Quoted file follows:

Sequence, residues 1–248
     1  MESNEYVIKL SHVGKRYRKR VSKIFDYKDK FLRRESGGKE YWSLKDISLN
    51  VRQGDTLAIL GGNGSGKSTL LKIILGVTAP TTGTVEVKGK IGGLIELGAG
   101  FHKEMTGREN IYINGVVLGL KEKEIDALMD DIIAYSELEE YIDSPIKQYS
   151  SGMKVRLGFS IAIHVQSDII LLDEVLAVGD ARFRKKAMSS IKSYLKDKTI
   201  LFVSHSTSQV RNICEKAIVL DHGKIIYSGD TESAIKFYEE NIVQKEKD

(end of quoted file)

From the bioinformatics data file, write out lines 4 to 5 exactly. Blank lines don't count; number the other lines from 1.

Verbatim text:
   101  FHKEMTGREN IYINGVVLGL KEKEIDALMD DIIAYSELEE YIDSPIKQYS
   151  SGMKVRLGFS IAIHVQSDII LLDEVLAVGD ARFRKKAMSS IKSYLKDKTI